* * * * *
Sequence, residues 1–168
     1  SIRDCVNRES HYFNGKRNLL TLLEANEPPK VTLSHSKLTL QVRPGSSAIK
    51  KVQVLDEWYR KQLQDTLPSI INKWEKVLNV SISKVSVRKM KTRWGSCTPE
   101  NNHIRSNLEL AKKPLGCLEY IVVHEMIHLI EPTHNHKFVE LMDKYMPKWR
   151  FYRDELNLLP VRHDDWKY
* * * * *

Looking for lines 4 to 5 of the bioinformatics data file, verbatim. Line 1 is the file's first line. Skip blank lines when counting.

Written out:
   101  NNHIRSNLEL AKKPLGCLEY IVVHEMIHLI EPTHNHKFVE LMDKYMPKWR
   151  FYRDELNLLP VRHDDWKY